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Below are key drivers of Salesforce.com's value that present opportunities for upside or downside to the current Trefis price estimate for Salesforce.com:
For additional details, select a driver above or select a division from the interactive Trefis split for Salesforce.com at the top of the page.
Salesforce.com offers customer relationship management (CRM) software, including sales and customer service software, as well as other cloud-based application, database and platform software to businesses. CRM software helps companies better manage customer data and information, which helps those companies to better serve their customers and increase sales. Salesforce.com's software is delivered remotely to its customers over the internet (from the "cloud"), making Salesforce.com one of the leading companies in the cloud-software space.
Salesforce.com uses cloud-based software to give its customers access to online software, with minor implementation and no on-premise installation or maintenance of software or physical servers.
Salesforce.com makes money mainly through subscription and support fees associated with its customers using Salesforce's applications. These applications give Salesforce.com's customers access to systems which can systematically record, store, and act upon business data. These applications are used to optimize different aspects of a company's business including sales, marketing, partnerships and customer service. The company’s CRM services primarily focus on sales-force automation, marketing automation, and customer service and support automation. In addition, it provides consulting and implementation services and training.
Salesforce.com is heavily invested in cloud-based application services and derived over 90% of its fiscal 2017 revenue from subscription and support fees associated with cloud services.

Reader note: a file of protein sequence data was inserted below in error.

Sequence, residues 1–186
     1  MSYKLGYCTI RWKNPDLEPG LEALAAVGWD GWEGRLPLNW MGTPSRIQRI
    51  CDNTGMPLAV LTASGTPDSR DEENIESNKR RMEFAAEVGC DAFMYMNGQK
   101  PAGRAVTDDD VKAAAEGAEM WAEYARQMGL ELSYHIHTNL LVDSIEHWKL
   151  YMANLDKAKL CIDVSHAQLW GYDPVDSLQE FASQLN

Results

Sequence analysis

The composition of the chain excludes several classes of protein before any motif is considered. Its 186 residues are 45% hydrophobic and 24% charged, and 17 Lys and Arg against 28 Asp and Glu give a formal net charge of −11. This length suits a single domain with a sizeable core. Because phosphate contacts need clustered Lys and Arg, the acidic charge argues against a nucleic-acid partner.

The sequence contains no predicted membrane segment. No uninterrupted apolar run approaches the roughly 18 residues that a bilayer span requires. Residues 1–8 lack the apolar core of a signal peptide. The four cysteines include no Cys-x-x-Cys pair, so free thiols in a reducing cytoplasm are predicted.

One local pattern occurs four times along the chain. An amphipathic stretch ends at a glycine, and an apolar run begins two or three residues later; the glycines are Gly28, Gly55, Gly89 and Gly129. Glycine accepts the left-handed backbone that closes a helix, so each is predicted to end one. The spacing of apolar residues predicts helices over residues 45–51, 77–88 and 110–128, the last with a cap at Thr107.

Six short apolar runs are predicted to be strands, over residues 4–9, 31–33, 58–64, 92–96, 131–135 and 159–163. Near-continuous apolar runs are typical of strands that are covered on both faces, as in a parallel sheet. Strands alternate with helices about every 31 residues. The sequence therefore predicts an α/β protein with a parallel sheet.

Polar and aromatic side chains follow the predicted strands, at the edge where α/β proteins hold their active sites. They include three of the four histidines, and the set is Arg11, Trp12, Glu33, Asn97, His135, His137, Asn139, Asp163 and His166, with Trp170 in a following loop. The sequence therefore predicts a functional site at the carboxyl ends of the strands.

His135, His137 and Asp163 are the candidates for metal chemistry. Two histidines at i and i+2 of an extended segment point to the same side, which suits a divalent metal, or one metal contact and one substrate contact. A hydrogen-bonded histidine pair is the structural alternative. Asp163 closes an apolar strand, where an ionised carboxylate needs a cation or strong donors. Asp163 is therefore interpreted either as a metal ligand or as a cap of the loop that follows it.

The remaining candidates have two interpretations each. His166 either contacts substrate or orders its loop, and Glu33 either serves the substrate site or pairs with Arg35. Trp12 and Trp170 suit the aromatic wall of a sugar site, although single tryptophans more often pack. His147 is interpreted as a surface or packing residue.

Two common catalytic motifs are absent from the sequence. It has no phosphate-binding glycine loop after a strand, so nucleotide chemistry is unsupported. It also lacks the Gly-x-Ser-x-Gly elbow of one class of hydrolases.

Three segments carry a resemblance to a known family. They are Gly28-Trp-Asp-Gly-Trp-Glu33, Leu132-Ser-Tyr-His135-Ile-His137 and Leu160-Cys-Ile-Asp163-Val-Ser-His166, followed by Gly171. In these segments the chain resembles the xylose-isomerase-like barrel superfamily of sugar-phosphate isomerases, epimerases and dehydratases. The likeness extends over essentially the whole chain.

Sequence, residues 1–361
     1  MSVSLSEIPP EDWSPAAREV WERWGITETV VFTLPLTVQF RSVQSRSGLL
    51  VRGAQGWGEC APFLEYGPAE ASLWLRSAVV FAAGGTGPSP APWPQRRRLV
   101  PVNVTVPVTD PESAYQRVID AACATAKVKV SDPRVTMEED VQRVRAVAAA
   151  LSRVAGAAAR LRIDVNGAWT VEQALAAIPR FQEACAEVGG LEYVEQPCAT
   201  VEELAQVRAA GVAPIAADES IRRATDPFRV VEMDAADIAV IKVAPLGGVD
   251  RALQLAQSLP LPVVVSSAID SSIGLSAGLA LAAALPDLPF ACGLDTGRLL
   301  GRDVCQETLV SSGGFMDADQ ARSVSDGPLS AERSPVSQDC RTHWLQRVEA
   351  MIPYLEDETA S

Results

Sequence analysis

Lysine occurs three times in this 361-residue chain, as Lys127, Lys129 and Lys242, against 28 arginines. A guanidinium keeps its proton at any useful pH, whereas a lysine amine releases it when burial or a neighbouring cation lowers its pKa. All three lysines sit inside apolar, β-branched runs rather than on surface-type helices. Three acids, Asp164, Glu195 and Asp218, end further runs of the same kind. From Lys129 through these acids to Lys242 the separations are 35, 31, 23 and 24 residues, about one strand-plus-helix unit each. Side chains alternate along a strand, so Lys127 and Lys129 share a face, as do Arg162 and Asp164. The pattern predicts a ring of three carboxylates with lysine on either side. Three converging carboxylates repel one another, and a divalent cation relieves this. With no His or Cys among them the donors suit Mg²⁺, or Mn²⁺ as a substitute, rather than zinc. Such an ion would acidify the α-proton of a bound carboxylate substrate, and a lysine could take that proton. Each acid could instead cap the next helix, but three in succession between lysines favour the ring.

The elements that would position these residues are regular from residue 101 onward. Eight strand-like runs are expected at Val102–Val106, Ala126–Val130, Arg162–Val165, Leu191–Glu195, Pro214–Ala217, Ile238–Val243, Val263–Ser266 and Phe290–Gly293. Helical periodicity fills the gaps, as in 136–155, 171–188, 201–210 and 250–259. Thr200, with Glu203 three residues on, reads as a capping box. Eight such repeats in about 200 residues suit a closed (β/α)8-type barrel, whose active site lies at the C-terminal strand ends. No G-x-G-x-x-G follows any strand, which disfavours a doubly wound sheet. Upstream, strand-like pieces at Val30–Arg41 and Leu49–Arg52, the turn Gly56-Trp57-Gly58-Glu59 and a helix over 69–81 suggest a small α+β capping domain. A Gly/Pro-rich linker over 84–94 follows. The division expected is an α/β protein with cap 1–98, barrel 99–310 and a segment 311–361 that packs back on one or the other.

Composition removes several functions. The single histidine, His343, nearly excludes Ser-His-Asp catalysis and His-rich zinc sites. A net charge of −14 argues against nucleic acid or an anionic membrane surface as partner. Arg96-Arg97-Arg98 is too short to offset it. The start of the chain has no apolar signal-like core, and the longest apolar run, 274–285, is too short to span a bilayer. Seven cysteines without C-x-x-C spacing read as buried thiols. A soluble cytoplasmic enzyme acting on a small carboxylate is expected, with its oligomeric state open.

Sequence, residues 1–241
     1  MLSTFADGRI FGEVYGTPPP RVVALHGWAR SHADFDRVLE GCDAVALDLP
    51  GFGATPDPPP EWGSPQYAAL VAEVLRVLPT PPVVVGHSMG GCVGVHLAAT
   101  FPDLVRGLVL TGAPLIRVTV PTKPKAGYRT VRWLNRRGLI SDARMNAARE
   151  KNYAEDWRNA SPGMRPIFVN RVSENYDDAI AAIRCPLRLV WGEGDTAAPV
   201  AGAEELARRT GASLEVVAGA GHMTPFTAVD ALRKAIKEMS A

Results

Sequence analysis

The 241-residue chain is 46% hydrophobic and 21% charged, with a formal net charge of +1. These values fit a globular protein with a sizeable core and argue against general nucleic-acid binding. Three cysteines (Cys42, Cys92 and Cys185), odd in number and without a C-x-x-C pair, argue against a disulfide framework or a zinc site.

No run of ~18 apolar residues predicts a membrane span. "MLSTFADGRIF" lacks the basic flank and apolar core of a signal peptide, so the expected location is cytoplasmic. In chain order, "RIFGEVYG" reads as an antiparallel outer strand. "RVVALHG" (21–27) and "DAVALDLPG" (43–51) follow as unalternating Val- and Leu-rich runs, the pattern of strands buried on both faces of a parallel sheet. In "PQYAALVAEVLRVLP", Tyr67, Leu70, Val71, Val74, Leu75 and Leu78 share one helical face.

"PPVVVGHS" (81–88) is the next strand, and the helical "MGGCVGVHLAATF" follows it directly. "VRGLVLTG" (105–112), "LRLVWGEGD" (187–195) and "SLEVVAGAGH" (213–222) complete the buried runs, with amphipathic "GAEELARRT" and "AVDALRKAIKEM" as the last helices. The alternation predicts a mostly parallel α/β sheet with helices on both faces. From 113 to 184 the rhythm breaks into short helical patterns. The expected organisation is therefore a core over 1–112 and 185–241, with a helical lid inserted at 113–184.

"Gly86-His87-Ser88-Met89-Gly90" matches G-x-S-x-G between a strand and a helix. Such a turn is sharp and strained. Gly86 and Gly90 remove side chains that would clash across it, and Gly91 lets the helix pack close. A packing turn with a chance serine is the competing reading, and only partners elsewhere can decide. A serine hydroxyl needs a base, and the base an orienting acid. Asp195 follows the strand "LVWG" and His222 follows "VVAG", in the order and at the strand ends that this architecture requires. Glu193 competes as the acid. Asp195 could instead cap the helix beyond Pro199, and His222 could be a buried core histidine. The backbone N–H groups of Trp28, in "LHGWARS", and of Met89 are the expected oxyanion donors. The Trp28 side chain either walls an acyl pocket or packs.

Salesforce.com has experienced a significant rise in customers in the last couple of years. Its customers are relatively evenly split across small business (fewer than 200 employees), medium sized businesses (200 employees, <$1 billion in revenue) and large businesses (greater than $1 billion in revenues). This higher proportion of SMB businesses presents Salesforce with significant risk of a decline in renewals. Additionally, enterprise customers tend to be stickier with their IT services, which reduces Salesforce's sales & marketing expenses and decreases the pressure on its margins.
In addition to cloud-based CRM software, Salesforce has a long-term opportunity to deliver other types of cloud-based software and services as corporate IT departments leverage cloud-based software instead of investing in additional hardware and on-premise software. The cloud computing market consists of Software as a service (SaaS), Platform as a service (PaaS) and Infrastructure as a service (IaaS).
Salesforce.com offers Force.com, which is the application development development platform for corporates' IT departments and independent developers. It also offers AppExchange, which is an online directory that provides customers a way to browse, test-drive, share and install applications developed on Force.com platform.